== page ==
getting more wages or salaries for doing similar work. The employees before us were
engaged on daily wages in the department concerned on a wage that was made
known to them. There is no case that the wage agreed upon was not being paid.
Those who are working
on daily wages formed a class by themselves, they cannot claim that they are discriminated
as against those who have been regularly recruited on the basis of the relevant
rules. No right can be founded on an employment on daily wages to claim that such
employee should be treated on a par with a regularly recruited candidate, and made
permanent in employment, even assuming that the principle could be invoked for claiming
equal wages for equal work.
There is no 5 (2006)
4 SCC 16 (2008) 10 SCC 17 (2010) 3 SCC 1158 (2010) 4 SCC 1799 (2010) 11 SCC 733
fundamental right in those who have been employed on daily wages or temporarily
or on contractual basis, to claim that they have a right to be absorbed in
service. As has been held by this Court, they cannot be said to be holders of a
post, since, a regular appointment could be made only by making appointments consistent
with the requirements of Articles 14 and 16 of the Constitution. The right to
be treated equally with the other employees employed on daily wages, cannot be extended
to a claim for equal treatment with those who were regularly employed. That
would be treating unequals as equals. It cannot also be relied on to claim a right
to be absorbed in service even though they have never been selected in terms of
the relevant recruitment rules. The arguments based on Articles 14 and 16 of
the Constitution are therefore overruled."
the dictum laid down in Umadevi (supra), a three judge Bench in Official
Liquidator (supra) has observed that:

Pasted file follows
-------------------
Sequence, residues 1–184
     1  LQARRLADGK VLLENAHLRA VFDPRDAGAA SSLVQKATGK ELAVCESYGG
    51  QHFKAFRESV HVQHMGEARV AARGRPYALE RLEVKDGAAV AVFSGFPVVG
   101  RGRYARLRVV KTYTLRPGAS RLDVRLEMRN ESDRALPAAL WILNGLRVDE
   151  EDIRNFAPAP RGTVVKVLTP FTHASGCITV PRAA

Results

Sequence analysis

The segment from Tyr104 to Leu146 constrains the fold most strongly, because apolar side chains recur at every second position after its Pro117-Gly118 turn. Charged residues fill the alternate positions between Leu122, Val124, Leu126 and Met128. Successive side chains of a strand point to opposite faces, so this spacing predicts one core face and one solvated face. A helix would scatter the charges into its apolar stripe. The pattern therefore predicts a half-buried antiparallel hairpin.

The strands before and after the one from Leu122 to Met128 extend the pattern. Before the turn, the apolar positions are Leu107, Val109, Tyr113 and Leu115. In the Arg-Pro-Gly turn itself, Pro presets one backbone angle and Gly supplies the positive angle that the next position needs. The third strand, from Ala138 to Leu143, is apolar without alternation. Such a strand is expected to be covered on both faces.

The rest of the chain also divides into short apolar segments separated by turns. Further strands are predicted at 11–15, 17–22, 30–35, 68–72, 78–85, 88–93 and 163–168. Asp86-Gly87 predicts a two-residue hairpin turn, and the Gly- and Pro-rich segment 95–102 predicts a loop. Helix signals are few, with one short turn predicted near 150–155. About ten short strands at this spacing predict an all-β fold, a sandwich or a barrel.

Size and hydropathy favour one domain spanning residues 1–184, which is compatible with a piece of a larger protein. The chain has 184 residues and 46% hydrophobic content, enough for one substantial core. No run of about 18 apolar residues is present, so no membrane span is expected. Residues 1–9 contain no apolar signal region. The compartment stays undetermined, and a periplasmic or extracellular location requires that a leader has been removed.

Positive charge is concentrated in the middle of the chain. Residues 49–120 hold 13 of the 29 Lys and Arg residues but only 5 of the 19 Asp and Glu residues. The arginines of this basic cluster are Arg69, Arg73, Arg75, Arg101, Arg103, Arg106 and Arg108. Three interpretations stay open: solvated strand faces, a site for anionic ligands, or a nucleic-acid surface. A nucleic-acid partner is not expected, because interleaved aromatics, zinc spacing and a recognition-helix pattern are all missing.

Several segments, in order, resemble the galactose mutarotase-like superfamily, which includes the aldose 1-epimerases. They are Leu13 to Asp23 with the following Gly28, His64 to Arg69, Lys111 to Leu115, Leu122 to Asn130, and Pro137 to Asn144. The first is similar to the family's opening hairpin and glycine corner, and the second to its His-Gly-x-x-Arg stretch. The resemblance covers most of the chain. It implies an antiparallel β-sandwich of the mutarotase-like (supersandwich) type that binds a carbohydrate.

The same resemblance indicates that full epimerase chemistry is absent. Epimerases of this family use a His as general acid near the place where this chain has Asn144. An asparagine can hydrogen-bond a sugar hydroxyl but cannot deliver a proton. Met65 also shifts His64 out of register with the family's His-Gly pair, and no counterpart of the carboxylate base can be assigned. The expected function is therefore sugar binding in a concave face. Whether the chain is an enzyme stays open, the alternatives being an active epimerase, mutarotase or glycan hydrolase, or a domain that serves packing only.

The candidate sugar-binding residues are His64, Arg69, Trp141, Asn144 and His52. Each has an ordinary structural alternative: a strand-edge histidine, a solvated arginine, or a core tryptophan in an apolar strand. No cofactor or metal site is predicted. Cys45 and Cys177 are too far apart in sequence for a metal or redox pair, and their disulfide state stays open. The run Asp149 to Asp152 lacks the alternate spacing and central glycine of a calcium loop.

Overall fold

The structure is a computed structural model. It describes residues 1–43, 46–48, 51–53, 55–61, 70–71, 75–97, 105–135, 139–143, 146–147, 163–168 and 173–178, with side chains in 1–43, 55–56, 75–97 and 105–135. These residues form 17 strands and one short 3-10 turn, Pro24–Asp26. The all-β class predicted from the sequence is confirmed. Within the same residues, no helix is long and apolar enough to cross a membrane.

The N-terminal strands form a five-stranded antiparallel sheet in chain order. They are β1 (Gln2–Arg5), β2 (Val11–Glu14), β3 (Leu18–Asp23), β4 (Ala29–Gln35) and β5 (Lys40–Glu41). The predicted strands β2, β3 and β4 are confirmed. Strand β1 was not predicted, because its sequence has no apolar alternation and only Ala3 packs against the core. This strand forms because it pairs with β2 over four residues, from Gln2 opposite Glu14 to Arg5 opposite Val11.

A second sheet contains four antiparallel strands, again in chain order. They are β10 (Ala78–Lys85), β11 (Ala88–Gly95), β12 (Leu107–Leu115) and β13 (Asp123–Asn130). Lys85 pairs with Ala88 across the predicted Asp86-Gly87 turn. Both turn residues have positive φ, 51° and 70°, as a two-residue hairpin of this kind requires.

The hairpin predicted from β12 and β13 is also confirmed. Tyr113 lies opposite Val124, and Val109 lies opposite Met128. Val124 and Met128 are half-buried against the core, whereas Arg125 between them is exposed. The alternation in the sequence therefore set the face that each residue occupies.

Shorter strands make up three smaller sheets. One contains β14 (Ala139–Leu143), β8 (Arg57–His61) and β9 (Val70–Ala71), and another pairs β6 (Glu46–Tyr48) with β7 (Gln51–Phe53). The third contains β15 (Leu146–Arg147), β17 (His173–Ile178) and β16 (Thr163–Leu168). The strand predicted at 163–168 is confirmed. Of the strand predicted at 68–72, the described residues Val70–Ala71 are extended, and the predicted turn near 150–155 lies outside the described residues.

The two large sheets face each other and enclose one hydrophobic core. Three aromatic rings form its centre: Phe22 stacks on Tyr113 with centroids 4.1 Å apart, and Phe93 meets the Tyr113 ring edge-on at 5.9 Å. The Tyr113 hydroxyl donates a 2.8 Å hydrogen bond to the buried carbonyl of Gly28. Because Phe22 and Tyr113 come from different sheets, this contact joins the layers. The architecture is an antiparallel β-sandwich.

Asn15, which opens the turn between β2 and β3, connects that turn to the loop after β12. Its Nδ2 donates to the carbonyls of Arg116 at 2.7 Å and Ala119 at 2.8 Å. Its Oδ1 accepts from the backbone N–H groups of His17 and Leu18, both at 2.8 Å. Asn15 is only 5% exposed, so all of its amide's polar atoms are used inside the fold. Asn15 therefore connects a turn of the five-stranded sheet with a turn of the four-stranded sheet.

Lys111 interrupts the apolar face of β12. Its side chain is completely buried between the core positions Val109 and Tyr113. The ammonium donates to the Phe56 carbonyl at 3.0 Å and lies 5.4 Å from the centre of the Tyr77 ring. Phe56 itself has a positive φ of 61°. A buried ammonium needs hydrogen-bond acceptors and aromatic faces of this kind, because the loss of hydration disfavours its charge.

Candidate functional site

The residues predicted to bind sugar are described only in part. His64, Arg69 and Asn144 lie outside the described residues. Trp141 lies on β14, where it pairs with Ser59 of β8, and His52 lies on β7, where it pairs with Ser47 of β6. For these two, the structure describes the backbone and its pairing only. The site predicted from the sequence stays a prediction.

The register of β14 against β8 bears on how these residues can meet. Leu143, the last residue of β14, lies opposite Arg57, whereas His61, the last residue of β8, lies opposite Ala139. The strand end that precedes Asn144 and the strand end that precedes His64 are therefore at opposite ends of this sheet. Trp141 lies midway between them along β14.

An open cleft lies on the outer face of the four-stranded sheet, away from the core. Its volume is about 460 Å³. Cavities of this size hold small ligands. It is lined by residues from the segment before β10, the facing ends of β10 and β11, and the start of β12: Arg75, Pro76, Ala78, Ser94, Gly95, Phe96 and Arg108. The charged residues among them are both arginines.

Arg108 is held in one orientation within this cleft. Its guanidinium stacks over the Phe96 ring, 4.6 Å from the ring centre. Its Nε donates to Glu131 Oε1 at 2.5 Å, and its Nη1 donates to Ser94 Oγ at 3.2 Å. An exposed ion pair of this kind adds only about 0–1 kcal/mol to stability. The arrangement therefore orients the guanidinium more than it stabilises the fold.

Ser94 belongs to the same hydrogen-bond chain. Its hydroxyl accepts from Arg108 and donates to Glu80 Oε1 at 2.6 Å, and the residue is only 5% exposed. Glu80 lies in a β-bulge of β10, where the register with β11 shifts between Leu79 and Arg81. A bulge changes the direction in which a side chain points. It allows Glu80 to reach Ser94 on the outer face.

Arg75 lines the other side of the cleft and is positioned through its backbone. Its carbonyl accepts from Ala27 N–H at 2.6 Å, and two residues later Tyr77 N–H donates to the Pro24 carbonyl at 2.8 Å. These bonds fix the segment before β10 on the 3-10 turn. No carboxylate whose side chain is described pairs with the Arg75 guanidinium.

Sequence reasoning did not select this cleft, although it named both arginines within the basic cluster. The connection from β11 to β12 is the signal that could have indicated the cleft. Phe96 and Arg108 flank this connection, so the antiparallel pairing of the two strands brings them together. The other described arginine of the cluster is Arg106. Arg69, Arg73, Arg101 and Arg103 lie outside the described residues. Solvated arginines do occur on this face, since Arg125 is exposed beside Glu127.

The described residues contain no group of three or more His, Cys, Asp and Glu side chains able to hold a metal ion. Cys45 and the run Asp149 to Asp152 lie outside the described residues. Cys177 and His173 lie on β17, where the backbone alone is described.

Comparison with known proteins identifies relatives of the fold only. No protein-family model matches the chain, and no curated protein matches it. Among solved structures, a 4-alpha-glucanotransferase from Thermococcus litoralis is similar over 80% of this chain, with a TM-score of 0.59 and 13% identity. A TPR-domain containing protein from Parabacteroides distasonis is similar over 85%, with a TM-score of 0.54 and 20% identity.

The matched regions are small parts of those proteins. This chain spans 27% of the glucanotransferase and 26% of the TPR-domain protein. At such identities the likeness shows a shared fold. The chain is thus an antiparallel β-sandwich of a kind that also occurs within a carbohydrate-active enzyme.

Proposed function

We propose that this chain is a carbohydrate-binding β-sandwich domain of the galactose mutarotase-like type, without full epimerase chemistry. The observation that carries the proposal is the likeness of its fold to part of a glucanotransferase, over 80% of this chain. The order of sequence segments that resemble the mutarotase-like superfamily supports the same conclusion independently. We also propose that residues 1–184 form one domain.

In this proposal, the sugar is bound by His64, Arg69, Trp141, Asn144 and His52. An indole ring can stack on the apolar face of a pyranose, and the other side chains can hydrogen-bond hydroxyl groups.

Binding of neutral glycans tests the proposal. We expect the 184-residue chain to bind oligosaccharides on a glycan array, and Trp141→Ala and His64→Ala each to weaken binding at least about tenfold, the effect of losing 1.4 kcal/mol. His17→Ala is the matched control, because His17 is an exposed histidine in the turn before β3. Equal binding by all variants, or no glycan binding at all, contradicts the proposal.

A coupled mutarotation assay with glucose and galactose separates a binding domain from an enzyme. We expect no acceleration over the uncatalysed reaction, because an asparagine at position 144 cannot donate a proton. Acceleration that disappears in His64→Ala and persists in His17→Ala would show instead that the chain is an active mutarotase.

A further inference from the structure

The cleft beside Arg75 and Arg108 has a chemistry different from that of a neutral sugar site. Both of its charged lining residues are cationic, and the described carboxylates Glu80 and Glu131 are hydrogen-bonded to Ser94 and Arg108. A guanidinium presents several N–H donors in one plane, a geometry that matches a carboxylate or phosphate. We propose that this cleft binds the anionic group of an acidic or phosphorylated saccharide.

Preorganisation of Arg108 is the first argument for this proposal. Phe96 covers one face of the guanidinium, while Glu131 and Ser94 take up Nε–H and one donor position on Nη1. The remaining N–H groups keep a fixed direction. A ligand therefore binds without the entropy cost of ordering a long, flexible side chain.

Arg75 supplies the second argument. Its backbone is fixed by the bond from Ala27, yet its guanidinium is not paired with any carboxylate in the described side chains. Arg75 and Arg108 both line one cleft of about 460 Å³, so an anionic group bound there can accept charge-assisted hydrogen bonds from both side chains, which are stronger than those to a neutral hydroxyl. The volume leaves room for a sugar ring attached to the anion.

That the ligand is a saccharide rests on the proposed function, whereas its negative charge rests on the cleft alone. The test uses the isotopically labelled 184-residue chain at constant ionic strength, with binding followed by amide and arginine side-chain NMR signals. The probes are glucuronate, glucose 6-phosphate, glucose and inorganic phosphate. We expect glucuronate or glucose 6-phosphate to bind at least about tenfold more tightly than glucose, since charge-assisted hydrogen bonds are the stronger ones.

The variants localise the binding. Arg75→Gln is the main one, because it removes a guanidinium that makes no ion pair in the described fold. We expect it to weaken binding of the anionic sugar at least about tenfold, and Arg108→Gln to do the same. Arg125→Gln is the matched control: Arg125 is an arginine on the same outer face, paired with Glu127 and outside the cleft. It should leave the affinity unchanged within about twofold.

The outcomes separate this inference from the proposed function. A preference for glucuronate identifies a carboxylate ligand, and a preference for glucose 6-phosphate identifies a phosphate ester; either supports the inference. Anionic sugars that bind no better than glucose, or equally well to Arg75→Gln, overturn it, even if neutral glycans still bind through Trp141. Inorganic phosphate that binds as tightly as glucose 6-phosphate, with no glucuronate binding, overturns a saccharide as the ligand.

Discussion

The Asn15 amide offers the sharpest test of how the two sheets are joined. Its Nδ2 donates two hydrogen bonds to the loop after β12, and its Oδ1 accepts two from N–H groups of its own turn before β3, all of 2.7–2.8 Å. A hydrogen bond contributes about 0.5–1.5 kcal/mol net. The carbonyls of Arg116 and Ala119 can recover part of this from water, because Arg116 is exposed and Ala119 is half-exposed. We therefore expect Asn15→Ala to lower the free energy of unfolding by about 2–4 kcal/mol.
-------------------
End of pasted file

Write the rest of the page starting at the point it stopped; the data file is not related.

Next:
"In State of
Karnataka v. Umadevi (3), the Constitution Bench again considered the question whether
the State can frame scheme for regularisation of the services of ad hoc/temporary/daily
wager appointed in violation of the doctrine of equality or the one appointed
with a clear stipulation that such appointment will not confer any right on the
appointee to seek regularisation or absorption in the regular cadre and whether
the Court can issue mandamus for regularisation or absorption of such appointee
and answered the same in negative."
light of the settled legal position and on a conspectus of the factual scenario
noted above, the impugned directions by the High Court cannot be sustained. These
are set aside accordingly.
parting with the case, we are constrained to observe that the conduct of the
appellants in engaging casual workers for a period of less than six months, and
giving them artificial breaks so as to ensure that they do not become eligible
for permanent status, as evidenced from the additional affidavit dated 23rd April,
2010 does not behove the Union of India and its instrumentalities, which are supposed
to be model employers. With anguish, we extract the relevant paragraph of the said
affidavit: "Relying upon the provisions contained in Paragraph 501 to 518 of
the Regulation, it was contended that the casual labourers are mustered on
daily or monthly basis. If on monthly rates, the period of engagement shall be
for a minimum period of six months.
It is a fact that
large number of casual labourers have worked with Project Vartak for number of
years but their period of engagement at no stage has existed more than six months
at a time. Their services are terminated before completion of six month and as per
requirement they are recruited afresh by publishing Part II order by Mustering
Unit. Due to the fact that they have not been in continuous engagement for more
than six months they do not get the status of permanent employee and
accordingly as per Paragraph 503 of the Regulation referred to above, the
casual personnel are not eligible for any other privileges for continued employment
under the Government." (Emphasis supplied by us)
in the facts and circumstances of the instant case, where members of the
respondent Union have been employed in terms of the Regulations and have been consistently
engaged in service for the past thirty to forty years, of course with short
breaks, we feel, the Union of India would consider enacting an appropriate regulation/scheme
for absorption and regularization of the services of the casual workers engaged
by BRO for execution of its on-going projects.
the final analysis, the appeals are allowed, and the impugned judgments and
orders are set aside. However, in the circumstances of the case, the parties
are left to bear their own costs.
J. (D.K. JAIN)
J. (H.L. DATTU)